What Works for Children’s Social Care (WWCSC) is funding the roll out and evaluation of the ‘Empowering Parents and Professionals Using Video Interaction Guidance’ programme. Babies1st, a small community interest company made up of specialist practitioners, will provide training and supervision to 21 social workers/family support workers in four local authorities to deliver Video Interaction Guidance (VIG). These social/family support workers will become VIG accredited by the end of the programme.
VIG is a relationship-based parenting intervention in which a VIG practitioner films a parent and infant dyad interacting in short, one-to-one sessions. By providing supportive feedback on these sessions based on edited clips of better-than-usual moments, VIG aims to promote parental sensitivity, child attachment and longer term social and emotional development. The intervention involves seeing families for a minimum of eight weekly sessions, which include an initial meeting, followed by three cycles of VIG and a final evaluation and feedback session.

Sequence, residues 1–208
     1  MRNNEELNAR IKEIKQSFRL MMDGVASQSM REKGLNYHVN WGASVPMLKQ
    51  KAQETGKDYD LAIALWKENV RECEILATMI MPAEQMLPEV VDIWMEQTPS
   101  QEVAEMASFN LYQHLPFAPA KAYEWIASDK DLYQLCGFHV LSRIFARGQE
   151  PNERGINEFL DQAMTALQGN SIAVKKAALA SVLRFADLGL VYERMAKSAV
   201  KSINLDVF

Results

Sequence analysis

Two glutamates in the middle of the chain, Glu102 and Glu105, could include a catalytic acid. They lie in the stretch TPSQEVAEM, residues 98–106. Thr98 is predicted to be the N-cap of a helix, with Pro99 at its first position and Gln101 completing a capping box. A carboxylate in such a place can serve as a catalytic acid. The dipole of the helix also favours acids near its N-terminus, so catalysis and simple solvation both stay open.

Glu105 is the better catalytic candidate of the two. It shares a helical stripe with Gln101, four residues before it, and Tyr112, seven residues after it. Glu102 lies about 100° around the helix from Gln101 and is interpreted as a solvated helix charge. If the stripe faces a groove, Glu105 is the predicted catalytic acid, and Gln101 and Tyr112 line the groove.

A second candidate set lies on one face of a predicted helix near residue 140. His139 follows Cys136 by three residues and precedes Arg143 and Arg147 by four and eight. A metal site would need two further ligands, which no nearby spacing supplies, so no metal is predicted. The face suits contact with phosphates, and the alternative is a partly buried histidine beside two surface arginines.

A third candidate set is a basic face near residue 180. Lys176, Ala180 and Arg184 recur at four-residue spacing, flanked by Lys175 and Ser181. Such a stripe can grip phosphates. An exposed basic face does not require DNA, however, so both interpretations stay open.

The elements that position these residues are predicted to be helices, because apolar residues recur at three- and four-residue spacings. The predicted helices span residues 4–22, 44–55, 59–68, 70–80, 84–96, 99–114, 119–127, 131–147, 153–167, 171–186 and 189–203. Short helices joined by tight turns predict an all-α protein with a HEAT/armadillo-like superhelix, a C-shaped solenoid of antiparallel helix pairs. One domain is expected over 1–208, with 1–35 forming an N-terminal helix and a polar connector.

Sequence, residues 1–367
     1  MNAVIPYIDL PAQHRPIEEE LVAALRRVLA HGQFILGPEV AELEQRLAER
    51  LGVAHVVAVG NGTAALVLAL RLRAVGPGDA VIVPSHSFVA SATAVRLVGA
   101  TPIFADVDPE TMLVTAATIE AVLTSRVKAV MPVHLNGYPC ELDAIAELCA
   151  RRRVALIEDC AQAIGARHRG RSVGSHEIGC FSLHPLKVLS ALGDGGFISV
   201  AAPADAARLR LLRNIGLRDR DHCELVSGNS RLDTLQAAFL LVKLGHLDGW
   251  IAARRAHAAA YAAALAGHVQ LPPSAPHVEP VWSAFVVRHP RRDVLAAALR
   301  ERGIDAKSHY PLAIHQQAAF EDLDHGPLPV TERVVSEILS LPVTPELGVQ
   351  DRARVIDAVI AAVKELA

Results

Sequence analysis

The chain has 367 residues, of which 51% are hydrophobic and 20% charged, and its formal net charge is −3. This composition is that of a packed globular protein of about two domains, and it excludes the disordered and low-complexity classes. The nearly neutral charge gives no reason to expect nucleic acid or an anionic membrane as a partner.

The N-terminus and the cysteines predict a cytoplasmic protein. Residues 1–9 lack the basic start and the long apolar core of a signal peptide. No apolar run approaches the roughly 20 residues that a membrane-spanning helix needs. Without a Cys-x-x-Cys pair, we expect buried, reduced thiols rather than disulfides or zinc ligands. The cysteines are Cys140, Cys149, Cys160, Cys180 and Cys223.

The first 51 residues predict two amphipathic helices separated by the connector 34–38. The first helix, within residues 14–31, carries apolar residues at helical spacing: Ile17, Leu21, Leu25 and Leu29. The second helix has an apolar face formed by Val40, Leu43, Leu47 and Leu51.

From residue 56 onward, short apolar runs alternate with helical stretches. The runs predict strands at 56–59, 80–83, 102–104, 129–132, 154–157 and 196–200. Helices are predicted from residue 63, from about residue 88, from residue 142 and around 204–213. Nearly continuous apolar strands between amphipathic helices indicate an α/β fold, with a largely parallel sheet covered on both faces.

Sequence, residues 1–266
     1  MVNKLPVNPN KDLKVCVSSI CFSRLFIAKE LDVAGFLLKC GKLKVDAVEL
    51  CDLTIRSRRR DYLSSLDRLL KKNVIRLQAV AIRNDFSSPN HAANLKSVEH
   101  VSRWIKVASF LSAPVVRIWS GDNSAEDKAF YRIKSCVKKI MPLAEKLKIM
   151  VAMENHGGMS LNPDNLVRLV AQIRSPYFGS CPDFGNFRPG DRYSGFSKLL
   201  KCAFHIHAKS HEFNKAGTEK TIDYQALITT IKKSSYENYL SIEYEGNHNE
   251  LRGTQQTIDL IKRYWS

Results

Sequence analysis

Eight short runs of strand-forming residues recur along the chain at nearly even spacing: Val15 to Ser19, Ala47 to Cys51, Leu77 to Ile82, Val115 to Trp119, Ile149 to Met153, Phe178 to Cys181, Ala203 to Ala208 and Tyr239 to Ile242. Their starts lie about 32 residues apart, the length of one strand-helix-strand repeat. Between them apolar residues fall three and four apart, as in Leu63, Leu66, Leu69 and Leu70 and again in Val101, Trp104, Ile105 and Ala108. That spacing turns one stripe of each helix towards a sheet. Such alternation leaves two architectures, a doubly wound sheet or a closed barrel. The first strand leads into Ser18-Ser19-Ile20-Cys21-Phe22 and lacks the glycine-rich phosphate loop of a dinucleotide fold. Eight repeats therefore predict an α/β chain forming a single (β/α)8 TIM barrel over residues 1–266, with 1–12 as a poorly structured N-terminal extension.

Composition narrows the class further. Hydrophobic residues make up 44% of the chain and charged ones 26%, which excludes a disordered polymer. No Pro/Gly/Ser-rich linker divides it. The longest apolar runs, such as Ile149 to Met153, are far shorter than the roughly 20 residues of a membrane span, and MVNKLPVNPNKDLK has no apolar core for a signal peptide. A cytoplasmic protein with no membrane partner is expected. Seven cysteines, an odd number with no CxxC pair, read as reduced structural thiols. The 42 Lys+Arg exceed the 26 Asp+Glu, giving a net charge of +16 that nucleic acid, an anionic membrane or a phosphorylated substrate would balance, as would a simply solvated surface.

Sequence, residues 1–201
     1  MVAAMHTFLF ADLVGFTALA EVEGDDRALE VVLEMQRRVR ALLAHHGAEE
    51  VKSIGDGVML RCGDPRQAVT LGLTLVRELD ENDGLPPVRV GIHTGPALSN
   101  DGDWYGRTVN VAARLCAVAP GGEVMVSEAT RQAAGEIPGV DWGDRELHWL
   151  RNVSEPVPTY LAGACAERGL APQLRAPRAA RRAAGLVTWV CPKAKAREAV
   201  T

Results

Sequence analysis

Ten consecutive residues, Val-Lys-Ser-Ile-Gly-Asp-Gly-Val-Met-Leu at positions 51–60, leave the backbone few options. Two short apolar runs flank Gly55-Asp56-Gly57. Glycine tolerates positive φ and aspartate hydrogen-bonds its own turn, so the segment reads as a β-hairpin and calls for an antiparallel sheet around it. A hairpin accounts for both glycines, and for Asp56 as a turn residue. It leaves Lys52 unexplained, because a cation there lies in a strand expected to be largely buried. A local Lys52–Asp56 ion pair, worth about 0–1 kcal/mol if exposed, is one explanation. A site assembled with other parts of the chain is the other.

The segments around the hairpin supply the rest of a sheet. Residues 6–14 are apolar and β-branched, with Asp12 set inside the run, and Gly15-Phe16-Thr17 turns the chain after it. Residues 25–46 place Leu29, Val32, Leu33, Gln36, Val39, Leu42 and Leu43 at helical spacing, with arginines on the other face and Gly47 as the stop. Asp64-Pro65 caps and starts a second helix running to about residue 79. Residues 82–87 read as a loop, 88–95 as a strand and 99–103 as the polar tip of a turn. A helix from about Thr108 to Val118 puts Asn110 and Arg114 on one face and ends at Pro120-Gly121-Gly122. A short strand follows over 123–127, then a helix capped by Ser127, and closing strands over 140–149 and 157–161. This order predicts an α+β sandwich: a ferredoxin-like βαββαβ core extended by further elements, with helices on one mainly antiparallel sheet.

Families with a child under 12-months-old, who are subject of a child in need (CiN) or child protection (CP) plan will be eligible to be referred into the programme.
IFF Research and Manchester Metropolitan University are working together to conduct a randomised controlled trial (RCT) and implementation and process evaluation (IPE) of the programme.
The impact evaluation is a pragmatic, multi-site, effectiveness trial, with individual family dyads being randomly allocated to intervention and control groups within sites. Families allocated to the intervention group will receive VIG in addition to care as usual, whereas families in the control group will receive the usual support provided by their local authority.
The outcomes of interest include (1) parental representations of their infant’s ‘warmth’ and ‘invasion’ within the parent-infant relationship (2) parental self-efficacy (3) parental stress (4) children’s social care status and outcomes. Data will be collected using standardised measures administered directly to the participating parents, and via administrative data collected from the local authorities.
The implementation and process evaluation (IPE) will assess how the intervention has been implemented and whether the elements of the theory of change underpinning the programme worked as intended. It will also explore the experiences of social workers and families, with regards to the perceived difference the intervention has made. There will be two phases of fieldwork: the first will focus on set up and implementation, and the second will focus on the experiences of delivery.
The programme will launch in Summer 2021, and a final evaluation report is due to be submitted by the end of August 2022.